Letter – Charles Grey to John Lambton – 31 Aug 1823

Document Type: Letter
Date: 31 Aug 1823
Correspondent: Charles Grey
Recipient: John Lambton
Archive Source: DUL JGL A40 8-11
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                                               					Tunbridge Wells Aug.t 31 1823

My dear Lambton

      I have this morning had a most unexpected & extraordinary communication of the cause of the rupture between Sir John & Beaumont; in a letter from the latter. The man must be as mad as Bedlam.  What do you think of his having told first his intended wife, & one of her sisters & then Edward Swinburne, that Lady S was a woman of most abandoned character & had had intrigues with me, the General & her Butler, & calling on me for a confirmation of the charge - the causes of this act, which in truth is proof enough of madness, are stated in a manner so strange & incoherent as to leave no doubt of the state of his Head.  What appears almost as extraordinary as the conduct of Beaumont himself, is that young Edwd Swinburne should not have annihilated him on the spot.   On the contrary he appears to have gone very quietly with him to Sir John, that he might repeat to him the same charge.  Sir John with some feeling, flew into a <furie> , would hear nothing, & turned him out of the House.  I will send you the letter, or a copy, but I cannot at present part with the letter & have not time to make a copy.  In the mean time I send you my answer - I do not see how I could say less & it did not appear to me necessary to say more in answer to a Madman.  To <verify> my own mind <herein> on this point, <which is the only doubtful one>  I consulted Creavey who is here, under a strict injunction of secrecy & he confirmed my opinion.  What is to come of this I don’t know, but it is possible Beaumont may force me into a quarrel a link I cannot avoid, tho I do not think he can find a friend to consult, sufficiently foolish or <…….> not to tell him how infamous he must make himself by such a proceeding.  This precious letter he sent express by his servant who will leave town by the Mail tonight with my answer.  You will of course keep this perfectly secret.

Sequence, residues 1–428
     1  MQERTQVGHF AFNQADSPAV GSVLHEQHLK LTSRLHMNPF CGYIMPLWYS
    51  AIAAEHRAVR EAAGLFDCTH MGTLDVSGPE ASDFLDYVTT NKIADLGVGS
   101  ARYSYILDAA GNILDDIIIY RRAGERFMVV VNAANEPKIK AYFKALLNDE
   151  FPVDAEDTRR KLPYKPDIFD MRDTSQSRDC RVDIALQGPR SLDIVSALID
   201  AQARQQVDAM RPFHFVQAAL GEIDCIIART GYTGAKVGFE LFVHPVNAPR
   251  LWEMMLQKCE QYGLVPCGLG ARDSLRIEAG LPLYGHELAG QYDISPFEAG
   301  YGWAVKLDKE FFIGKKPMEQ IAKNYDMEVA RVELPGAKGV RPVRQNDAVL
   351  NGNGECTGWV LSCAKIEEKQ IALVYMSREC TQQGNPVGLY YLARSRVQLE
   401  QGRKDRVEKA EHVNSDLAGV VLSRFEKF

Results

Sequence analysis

I had just before received a letter from Ridley telling me he had heard that Beaumont meant to take the Chiltern Hundreds & urging me in that event, to bring Henry forward, of which success he thinks there can be no doubt.  I certainly am anxious to get him into Parliament & this might be an easy way of getting him a seat.  That I could not face a contest, & with this explanation I have written to Ridley to say if it could be done without expense & was wished by our friends, I should be very glad to have Henry put up as a Candidate.  Keep this also to yourself for the moment.   

       Yours &c


I did not perceive till I turned the leaf that I was writing on half a sheet of paper

[on verso:]

J G Lambton/ The Honble E. Petres/ Stapleton/ Ferrybridge
JGL A/40/8. Original letters from Earl Grey to his son-in-law John George Lambton, later first Earl of Durham

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